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Most actively traded companies on the Toronto Stock Exchange

TORONTO — Some of the most active companies traded Wednesday on the Toronto Stock Exchange: Toronto Stock Exchange (21,461.93, down 132.59 points.) Harte Gold Corp. (TSX:HRT). Materials. Down one cent, or 33.33 per cent, to two cents on 14.

TORONTO — Some of the most active companies traded Wednesday on the Toronto Stock Exchange:

Toronto Stock Exchange (21,461.93, down 132.59 points.)

Harte Gold Corp. (TSX:HRT). Materials. Down one cent, or 33.33 per cent, to two cents on 14.3 million shares.

Wallbridge Mining Co. Ltd. (TSX:WM). Materials. Down 11 cents, or 18.33 per cent, to 49 cents on 9.2 million shares.

Athabasca Oil Corp. (TSX:ATH). Energy. Down 12 cents, or 7.74 per cent, to $1.43 on 8.6 million shares.

Bombardier Inc. (TSX:BBD.B). Industrials. Down five cents, or 2.44 per cent, to $2 on 8.6 million shares.

Enbridge Inc. (TSX:ENB). Energy. Up 12 cents, or 0.23 per cent, to $52.74 on 8.5 million shares.

Storm Resources Ltd. (TSX:SRX). Energy. Up 37 cents, or 6.26 per cent, to $6.28 on 7.4 million shares.

Companies in the news: 

CGI Inc. (TSX:GIB.A). Down $4.98 or 4.3 per cent to $109.79. CGI Inc. said new bookings were the driving force behind a 37 per cent profit increase last quarter, as continued need for IT services in the COVID-19 pandemic boosted revenue. The Montreal-based technology and business consulting firm enjoyed bookings of $2.92 billion in its fourth quarter, nearly one-third of that amount from new business versus 22 per cent in the same period last year, said chief financial officer François Boulanger. Despite the strong year-over-year figures for new contracts, overall bookings paled compared to broader market performance, said TD Securities analyst Daniel Chan. Chief executive George Schindler brushed off any fears around an extended bout of inflation — the rate rose 4.4 per cent year over year in September, surging to its fastest pace since 2003. Financial services and insurance bookings rose 20 per cent throughout the year, yielding a book-to-bill ratio of 111 per cent for 2020-21. CGI reported a fourth-quarter profit of $345.9 million, up from $251.9 million in the same quarter last year, as its revenue edged higher.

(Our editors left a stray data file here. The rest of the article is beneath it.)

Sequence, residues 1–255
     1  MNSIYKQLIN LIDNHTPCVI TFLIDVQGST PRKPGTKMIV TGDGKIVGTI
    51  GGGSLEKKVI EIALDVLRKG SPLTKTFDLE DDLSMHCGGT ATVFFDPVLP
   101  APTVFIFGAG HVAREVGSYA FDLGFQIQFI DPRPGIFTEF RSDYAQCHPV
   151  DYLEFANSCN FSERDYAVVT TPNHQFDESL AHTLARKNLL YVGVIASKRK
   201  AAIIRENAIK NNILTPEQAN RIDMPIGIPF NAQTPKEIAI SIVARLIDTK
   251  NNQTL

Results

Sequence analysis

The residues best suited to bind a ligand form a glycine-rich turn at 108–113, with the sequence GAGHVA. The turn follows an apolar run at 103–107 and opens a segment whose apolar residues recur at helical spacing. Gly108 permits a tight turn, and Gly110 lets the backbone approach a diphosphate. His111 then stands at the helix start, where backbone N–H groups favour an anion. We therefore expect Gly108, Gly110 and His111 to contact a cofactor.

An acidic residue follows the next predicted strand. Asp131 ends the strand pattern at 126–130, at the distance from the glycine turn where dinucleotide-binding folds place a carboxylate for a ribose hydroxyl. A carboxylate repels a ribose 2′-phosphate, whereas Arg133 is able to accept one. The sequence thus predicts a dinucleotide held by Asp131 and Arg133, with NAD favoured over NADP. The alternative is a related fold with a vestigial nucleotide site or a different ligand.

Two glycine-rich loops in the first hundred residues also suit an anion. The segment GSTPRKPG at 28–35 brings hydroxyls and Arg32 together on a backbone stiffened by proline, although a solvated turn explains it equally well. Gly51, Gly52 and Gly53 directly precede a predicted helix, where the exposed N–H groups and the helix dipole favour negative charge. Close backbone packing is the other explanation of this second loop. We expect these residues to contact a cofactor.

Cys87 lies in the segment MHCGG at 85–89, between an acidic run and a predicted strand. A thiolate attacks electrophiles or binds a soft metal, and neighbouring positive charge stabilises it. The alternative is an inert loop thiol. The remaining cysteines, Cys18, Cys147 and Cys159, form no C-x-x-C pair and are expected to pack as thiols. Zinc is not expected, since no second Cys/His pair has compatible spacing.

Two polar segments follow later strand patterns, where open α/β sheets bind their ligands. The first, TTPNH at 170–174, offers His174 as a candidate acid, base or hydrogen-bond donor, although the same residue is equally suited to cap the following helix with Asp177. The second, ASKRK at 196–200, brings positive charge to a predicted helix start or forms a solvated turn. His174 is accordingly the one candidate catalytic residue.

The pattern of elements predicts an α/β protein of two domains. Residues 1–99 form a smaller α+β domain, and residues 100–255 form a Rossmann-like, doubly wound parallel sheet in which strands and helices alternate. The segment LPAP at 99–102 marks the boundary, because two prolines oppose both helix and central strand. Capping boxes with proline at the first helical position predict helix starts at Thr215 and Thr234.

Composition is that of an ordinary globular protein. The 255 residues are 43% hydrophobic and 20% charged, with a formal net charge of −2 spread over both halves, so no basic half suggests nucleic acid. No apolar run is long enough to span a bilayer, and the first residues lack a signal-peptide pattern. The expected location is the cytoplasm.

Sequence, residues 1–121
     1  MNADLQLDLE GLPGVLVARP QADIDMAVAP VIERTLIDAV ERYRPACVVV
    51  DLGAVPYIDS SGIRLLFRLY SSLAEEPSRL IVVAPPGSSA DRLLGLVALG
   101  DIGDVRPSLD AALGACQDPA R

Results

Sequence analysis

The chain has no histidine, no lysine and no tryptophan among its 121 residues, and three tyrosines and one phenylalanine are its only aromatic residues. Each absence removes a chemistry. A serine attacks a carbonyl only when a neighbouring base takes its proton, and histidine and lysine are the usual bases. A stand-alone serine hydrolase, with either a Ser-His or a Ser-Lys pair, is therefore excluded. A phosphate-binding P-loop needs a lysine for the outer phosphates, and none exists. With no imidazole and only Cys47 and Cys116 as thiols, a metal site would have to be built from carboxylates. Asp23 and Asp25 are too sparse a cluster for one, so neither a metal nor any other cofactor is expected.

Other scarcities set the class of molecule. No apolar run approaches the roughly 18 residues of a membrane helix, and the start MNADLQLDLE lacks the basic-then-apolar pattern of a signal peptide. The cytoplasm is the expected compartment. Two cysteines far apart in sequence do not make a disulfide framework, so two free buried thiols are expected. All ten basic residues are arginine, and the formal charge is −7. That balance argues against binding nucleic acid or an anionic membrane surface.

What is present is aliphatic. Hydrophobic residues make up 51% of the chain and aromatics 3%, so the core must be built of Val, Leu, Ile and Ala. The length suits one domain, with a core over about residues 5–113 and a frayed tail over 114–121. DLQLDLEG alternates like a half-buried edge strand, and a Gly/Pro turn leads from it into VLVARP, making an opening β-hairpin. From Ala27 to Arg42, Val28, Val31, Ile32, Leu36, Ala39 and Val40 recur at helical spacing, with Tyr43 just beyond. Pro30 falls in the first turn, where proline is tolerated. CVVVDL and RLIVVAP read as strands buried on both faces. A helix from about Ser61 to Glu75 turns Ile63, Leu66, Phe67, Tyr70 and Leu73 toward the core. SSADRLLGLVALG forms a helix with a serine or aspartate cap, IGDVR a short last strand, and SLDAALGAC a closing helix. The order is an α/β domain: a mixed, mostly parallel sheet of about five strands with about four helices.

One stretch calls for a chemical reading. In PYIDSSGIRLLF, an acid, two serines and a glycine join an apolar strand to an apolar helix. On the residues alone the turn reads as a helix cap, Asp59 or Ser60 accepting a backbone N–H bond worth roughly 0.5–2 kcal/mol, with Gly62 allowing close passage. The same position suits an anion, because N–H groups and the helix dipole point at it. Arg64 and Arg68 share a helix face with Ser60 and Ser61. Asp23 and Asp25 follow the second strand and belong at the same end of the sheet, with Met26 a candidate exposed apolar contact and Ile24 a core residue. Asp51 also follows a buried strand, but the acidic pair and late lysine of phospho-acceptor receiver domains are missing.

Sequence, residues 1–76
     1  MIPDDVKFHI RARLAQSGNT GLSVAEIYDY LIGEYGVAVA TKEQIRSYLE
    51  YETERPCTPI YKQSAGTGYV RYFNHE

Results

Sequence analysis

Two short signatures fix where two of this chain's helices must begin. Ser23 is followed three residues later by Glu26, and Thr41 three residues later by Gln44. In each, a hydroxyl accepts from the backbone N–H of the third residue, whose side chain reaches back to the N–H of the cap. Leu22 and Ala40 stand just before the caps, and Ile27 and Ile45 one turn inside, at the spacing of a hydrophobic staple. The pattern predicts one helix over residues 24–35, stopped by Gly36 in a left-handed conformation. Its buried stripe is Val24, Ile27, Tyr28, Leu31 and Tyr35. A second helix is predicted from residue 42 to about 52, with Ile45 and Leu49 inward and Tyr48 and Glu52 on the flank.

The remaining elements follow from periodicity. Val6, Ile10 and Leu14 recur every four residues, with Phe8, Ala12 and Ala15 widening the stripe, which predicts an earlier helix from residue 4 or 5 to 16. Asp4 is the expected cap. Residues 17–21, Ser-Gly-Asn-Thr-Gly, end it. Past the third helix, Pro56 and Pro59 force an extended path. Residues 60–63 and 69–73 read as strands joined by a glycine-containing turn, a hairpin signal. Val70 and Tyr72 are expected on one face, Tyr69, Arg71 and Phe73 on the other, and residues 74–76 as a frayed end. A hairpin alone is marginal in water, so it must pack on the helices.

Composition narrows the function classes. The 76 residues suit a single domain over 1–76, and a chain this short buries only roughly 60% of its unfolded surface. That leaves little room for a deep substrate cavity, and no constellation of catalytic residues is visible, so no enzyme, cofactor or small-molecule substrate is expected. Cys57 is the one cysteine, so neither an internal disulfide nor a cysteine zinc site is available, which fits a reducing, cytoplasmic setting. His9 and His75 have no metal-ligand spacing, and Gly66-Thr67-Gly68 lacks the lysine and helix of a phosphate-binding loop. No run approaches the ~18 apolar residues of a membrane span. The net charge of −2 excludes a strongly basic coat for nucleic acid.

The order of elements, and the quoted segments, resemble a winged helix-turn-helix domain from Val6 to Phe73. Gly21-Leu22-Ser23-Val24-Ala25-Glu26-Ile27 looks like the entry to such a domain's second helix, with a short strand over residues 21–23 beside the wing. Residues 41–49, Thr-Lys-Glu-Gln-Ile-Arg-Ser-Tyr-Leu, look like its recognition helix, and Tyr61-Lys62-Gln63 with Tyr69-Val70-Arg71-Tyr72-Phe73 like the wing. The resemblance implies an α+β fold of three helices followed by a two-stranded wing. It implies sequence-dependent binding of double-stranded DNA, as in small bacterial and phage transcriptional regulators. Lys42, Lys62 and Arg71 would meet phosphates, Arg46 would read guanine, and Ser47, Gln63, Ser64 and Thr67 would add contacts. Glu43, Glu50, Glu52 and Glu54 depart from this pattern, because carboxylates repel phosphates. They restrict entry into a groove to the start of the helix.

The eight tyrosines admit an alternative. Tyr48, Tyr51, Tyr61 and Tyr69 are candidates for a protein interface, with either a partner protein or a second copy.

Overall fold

Canadian Natural Resources Ltd. (TSX:CNQ). Down $1.23 or 2.3 per cent to $53.01. Canadian Natural Resources Ltd. (CNRL) says it has reached a deal to acquire Calgary-based oil and gas explorer Storm Resources Ltd. for $6.28 per share, a price that pegs Storm's enterprise value at $960 million. The purchase price represents an all-time high share price for Storm, as well as a premium of 10 per cent to Storm's 10-day volume-weighted average trading price on the Toronto Stock Exchange as of the close of markets on Tuesday. The deal will give CNRL access to Storm's existing production and infrastructure in the Montney area of northeast British Columbia, where CNRL already has operations. CNRL says Storm's current production in the area is approximately 136 million cubic feet per day of natural gas and 5,600 barrels per day of natural gas liquids. As part of the proposed deal, CNRL will assume Storm's total debt of approximately $186 million. The deal is expected to close in December. In August 2020, CNRL acquired another Montney producer, Painted Pony Energy Ltd., for $469 million.